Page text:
Audit all the current roles and job descriptions in your company. Assess how well those responsibilities are distributed and determine which positions can benefit from either a decrease or an increase in duties.

4. Ensure Timely Salary Disbursement

Your employees have regular financial obligations that must be met on time. Therefore, it is important to ensure that each of them receives their pay on time.

Salary disputes cause unnecessary stress, especially if the process of contesting is complicated and time-consuming. Delays in payroll can also cause employees to miss bill payments or encounter other financial troubles, which can be a significant source of anxiety.

To avoid this, make sure your payroll administration is seamless and predictable.

5. Maintain a Clean Working Environment

This recommendation may seem trivial, but your staff needs a clean and comfortable work environment. It's hard to focus in a disorderly workspace filled with clutter and distractions. Files get misplaced, materials are difficult to locate, and various small annoyances can build into a substantial amount of stress.

By contrast, a clean working environment is relaxing and boosts productivity. A well-kept filing system gives your staff peace of mind that all the paperwork they need will be accessible and easy to find. Plus, an organized office is pleasing to the eyes and can inspire greater motivation.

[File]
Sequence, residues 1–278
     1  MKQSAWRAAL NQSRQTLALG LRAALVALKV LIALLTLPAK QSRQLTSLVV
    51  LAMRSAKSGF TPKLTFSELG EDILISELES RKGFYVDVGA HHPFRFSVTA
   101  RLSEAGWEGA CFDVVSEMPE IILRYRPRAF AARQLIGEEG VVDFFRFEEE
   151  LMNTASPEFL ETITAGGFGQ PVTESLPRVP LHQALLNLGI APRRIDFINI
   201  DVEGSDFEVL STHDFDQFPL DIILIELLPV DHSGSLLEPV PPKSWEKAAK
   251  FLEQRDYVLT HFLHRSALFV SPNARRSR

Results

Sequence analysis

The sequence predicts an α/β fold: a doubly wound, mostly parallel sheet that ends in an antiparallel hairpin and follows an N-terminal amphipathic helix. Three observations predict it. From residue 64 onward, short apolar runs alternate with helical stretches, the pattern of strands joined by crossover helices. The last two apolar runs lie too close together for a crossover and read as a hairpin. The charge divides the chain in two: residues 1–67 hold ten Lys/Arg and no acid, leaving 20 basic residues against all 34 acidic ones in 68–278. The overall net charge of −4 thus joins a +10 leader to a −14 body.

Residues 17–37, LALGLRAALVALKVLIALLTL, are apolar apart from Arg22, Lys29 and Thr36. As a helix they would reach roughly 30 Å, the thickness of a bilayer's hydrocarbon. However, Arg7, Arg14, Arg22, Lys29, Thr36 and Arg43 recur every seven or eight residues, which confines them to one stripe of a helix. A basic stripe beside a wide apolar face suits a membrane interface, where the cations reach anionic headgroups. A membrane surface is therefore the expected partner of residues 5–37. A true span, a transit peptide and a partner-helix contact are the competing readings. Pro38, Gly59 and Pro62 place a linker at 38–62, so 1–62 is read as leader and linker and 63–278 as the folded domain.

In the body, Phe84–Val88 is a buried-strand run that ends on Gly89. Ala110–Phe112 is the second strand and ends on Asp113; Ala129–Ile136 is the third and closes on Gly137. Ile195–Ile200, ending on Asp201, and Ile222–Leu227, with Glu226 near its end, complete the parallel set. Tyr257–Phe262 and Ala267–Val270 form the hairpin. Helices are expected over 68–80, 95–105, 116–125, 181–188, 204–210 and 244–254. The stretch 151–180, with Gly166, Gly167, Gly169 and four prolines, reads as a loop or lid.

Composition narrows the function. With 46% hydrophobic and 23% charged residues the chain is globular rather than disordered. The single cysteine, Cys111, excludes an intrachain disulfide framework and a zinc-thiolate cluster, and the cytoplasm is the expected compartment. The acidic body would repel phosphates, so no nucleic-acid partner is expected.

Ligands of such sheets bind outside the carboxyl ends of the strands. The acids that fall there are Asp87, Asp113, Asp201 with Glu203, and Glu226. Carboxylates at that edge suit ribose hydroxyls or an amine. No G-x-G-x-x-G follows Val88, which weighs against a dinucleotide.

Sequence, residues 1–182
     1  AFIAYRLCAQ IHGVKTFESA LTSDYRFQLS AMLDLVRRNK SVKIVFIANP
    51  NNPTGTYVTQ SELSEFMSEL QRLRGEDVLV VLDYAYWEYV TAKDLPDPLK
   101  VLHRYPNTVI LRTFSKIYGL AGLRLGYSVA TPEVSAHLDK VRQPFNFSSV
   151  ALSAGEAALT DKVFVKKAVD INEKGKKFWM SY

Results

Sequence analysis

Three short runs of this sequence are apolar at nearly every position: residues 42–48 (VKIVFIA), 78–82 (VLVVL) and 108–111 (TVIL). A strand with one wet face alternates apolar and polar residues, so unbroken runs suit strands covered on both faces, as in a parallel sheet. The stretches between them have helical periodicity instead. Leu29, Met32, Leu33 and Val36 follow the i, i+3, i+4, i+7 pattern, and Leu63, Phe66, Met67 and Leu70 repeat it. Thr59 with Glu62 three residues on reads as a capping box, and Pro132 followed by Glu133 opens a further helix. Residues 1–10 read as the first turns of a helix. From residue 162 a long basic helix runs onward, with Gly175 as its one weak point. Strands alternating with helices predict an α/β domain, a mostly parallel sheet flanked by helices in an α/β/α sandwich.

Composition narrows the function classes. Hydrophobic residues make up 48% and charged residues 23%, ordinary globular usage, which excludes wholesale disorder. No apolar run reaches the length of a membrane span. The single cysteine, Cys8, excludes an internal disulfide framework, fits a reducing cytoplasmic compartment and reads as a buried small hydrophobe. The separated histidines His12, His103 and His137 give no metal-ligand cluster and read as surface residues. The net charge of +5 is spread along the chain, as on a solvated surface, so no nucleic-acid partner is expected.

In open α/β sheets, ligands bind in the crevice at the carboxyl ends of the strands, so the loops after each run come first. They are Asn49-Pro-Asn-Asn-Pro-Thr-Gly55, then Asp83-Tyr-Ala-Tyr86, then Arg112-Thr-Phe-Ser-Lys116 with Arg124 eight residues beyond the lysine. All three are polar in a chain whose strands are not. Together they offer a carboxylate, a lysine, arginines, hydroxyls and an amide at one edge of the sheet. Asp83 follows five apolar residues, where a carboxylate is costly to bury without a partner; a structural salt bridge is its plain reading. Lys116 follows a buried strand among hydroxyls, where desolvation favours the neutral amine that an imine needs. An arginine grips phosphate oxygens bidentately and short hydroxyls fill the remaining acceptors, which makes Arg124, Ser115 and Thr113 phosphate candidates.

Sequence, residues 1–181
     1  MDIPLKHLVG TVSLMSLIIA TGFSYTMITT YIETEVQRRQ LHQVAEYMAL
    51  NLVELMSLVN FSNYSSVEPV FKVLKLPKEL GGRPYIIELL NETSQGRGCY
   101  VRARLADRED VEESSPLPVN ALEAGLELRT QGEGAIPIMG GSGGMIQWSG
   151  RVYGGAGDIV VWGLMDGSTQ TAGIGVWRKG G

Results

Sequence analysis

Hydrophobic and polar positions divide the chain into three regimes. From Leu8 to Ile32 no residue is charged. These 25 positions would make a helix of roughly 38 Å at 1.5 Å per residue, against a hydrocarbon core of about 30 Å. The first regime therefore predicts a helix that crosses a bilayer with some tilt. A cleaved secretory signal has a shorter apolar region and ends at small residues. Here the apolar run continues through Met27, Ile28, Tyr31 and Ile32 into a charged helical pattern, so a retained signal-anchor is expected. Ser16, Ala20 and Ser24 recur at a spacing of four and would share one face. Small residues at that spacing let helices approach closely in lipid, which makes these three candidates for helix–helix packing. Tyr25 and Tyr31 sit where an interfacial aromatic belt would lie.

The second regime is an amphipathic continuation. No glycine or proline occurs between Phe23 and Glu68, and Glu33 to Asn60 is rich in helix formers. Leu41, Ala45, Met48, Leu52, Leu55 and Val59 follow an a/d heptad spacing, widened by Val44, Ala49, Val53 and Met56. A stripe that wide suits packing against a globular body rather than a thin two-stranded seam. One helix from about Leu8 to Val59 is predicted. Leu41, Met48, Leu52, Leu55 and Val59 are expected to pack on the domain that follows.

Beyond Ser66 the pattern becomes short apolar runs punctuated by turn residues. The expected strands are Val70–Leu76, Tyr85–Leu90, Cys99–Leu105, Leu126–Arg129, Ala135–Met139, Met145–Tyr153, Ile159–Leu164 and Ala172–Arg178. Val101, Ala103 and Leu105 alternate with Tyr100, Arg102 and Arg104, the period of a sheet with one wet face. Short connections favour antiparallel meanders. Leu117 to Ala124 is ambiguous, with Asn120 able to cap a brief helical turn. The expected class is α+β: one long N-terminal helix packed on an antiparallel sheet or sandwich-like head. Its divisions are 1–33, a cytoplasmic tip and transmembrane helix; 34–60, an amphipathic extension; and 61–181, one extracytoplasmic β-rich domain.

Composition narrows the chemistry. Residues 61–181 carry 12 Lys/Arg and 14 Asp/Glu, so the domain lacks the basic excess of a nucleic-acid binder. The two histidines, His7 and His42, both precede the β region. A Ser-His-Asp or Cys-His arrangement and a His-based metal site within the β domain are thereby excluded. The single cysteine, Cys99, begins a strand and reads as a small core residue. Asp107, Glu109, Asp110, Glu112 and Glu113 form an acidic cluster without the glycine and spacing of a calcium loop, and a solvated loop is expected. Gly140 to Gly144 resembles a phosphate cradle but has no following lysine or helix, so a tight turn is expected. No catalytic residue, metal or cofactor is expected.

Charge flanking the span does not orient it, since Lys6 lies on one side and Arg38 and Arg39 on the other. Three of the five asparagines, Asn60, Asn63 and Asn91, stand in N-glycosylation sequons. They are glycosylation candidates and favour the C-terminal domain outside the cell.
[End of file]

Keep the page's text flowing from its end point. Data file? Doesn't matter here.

(Check out these Tips for Implementing a 5S Strategy in Your Workplace)

Sound Mind, Sound Performance

While the simple initiatives discussed above can help promote mental health, it's critical to provide your staff with an employee assistance program that allows them to seek help for mental health concerns.

Some employees may also need ongoing medication and therapy, so consider including mental health coverage in their healthcare benefits. Also, consider allowing paid leave for workers to make it to appointments and therapy sessions. Doing so will help your staff prioritize their mental well-being.

To take your mental health initiative a step further, consider collaborating with a local psychologist to help you spot burnout and offer free counseling and life coaching on-site. You may also facilitate support groups that let your employees discuss workplace mental health and share their experiences.

Remember, to perform well, your employees not only need to be physically capable of carrying out their work but also be in a good state of mind. Therefore, you should make their mental well-being a priority. Investing in it will benefit them as well as the company.


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Written by Jeffrey Cassells | Content Strategist and Consultant

Profile Picture of Jeffrey Cassells

Jeffrey is a content strategist and consultant for Shegerian & Associates.